SpaceX sent another 60 satellites into orbit on Monday, one of many such launches the company hopes to conduct over the next year as it works to build a massive broadband-from-space business.
A Falcon 9 rocket carrying the satellites took off from Florida’s Canaveral Air Force Station at 9:56 am ET, and about an hour later, the company confirmed the satellites deployed in orbit.
SpaceX’s internet constellation, called Starlink, will require hundreds of satellites working in tandem to provide seamless internet connections on the ground. The 60 satellites launched Monday will add to the dozens launched in May on the first Starlink flight, and the company plans to launch as many as 24 more missions next year as it builds up its network — adding more bandwidth and coverage area.
The company has permission from regulators to launch more than 10,000 Starlink satellites and it recently requested permission to add as many as 30,000 to that number.
Of the first batch of 60 satellites launched in May, three malfunctioned and were unable to communicate with the ground. Those devices will be left to float around aimlessly until the Earth’s gravity can slowly drag them back out of orbit. That could take years.
Two other satellites were directed to dive back toward Earth to “simulate an end of life disposal.” SpaceX wants its functioning satellites to save enough fuel for the journey home after they finish their business in space; it’s part of the company’s plan to ensure its satellites don’t contribute to space junk.
The remaining satellites from that launch are already operating. Last month, SpaceX CEO and chief engineer Elon Musk sent out the first tweet using Starlink service.
“We still have a long way to go from tweets to 4K cat videos, but we are on our way,” said Lauren Lyons, a SpaceX engineer who hosted the webcast of Monday’s launch.
The company hopes that Starlink could one day bring internet access to a significant portion of the world’s population who live in areas without the infrastructure for wireless or who aren’t happy with their current providers. Musk has said Starlink could generate $30 billion or more in revenue each year for SpaceX.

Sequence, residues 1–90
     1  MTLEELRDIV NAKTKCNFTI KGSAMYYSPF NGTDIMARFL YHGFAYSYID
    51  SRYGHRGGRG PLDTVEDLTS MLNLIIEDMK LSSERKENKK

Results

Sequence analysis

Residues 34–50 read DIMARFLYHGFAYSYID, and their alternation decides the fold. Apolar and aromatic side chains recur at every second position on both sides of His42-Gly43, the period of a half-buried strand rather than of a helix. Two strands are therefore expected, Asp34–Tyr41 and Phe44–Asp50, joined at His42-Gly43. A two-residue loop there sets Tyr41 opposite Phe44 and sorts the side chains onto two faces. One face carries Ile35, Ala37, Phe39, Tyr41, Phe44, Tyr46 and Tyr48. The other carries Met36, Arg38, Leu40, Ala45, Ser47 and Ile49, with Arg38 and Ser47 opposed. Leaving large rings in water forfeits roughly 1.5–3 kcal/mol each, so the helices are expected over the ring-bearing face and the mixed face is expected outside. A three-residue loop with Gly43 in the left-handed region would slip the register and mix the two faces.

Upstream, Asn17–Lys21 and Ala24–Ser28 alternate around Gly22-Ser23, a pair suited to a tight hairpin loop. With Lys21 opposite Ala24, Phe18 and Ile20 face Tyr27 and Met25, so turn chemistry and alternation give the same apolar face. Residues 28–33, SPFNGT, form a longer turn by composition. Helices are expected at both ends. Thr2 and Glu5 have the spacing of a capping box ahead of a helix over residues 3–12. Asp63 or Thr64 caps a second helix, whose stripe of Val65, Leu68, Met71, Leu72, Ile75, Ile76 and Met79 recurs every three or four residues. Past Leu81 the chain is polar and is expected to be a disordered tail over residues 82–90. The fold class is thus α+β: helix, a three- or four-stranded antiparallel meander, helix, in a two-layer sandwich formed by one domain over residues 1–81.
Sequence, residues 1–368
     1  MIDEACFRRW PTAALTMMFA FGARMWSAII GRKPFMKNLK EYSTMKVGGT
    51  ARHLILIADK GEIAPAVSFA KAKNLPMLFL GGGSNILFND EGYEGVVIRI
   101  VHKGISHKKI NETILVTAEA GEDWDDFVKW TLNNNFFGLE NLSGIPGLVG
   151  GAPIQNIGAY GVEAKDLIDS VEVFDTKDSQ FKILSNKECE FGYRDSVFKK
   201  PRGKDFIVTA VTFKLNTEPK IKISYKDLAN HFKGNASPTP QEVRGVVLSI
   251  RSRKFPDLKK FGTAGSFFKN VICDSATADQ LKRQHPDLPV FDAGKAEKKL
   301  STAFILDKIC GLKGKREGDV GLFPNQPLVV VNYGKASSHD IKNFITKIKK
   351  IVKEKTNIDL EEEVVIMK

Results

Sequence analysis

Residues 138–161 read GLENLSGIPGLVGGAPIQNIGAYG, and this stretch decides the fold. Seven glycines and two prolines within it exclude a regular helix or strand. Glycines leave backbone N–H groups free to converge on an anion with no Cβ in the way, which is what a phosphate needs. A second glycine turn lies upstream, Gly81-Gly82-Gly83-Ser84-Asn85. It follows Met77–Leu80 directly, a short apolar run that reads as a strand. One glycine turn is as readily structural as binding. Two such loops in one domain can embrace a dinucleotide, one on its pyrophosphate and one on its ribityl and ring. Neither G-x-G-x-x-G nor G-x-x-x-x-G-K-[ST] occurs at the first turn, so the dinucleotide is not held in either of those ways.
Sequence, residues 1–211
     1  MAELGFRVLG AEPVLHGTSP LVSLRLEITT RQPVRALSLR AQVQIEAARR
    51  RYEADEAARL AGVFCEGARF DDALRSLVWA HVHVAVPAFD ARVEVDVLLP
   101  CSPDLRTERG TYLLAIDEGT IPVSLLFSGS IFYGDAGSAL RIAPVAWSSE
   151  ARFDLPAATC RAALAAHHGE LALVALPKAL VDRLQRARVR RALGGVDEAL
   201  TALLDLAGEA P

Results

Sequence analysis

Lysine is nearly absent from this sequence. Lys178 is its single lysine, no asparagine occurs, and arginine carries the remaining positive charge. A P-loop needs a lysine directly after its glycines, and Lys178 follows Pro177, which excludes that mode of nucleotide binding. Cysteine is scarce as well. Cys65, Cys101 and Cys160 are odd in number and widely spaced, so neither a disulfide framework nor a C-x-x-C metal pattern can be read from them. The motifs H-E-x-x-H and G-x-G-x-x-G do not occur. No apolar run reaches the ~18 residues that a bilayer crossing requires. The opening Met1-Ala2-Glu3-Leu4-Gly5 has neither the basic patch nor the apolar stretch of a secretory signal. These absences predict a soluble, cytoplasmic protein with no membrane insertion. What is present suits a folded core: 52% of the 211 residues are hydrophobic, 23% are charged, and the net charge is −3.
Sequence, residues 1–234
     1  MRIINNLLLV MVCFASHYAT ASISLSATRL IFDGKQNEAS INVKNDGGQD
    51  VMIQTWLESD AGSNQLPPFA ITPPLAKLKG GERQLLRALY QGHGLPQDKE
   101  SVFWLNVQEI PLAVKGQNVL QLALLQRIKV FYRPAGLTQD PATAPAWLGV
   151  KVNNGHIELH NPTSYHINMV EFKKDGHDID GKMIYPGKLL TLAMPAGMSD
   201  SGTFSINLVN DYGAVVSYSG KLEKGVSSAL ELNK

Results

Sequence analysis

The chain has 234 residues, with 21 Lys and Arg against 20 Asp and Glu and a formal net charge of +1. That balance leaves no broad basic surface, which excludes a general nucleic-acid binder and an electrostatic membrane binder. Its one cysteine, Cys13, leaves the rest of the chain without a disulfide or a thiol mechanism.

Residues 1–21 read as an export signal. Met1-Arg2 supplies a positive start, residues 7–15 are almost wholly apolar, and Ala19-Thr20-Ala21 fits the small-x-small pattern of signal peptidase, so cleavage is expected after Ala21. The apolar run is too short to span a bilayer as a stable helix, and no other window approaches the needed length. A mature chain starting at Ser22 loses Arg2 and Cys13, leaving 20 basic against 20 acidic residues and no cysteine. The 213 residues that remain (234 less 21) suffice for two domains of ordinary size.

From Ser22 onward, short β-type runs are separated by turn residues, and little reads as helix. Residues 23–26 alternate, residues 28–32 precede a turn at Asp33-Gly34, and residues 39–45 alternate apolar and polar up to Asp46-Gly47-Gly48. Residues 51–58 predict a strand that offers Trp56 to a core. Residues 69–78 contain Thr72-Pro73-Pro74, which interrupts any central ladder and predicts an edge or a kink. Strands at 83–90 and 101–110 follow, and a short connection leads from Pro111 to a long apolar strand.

The business will launch first in the United States and Canada, potentially as soon as next year. The company wants to have global coverage by the end of 2020, though it will need to hash out deals with foreign governments for permission to operate abroad.
Other tech companies have tried and failed to build satellite internet constellations to provide inexpensive broadband services. SpaceX has said one reason it will be successful is its ability to launch cheaply on its own rockets. The Falcon 9 was a game-changer for the space industry because of its $60 million price tag, which is roughly one-third the price of similarly sized rockets.
Part of the reason the Falcon 9 is so cheap, according to SpaceX, is because the company has the ability to reuse parts of the hardware.
SpaceX routinely recycles the first-stage booster, the bottom portion of the rocket that gives the initial thrust at launch. The booster used on Monday was previously used on three missions, marking the first time SpaceX has used the same booster on four trips to space.
It was also the first mission on which the Falcon 9 flew with a used fairing, which is the cone-shaped portion at the top of the rocket that protects satellites during launch.
SpaceX is not alone in its mission to beam internet from space: Similar constellations have been proposed by Amazon and Softbank-backed OneWeb. These companies have harped on the economic possibilities of delivering cheap, high-speed internet across the globe.
But the idea of deploying thousands of new devices into Earth’s orbit is controversial. Astronomers have raised concerns about how it will impact their ability to observe the night sky. And there are concerns about safety — particularly how to ensure that newly deployed satellites don’t collide and add to the space debris issue.
Throughout history, only about 8,000 satellites have ever been sent to space, and there are about 2,000 currently active satellites. With current plans for satellite constellations, that number could grow by more than 20,000 in just a decade.
SpaceX and OneWeb have discussed plans for ensuring their devices won’t add to the debris issue. For instance, SpaceX’s satellites have autonomous maneuvering abilities, meaning they can automatically dodge potential collisions with other satellites or debris.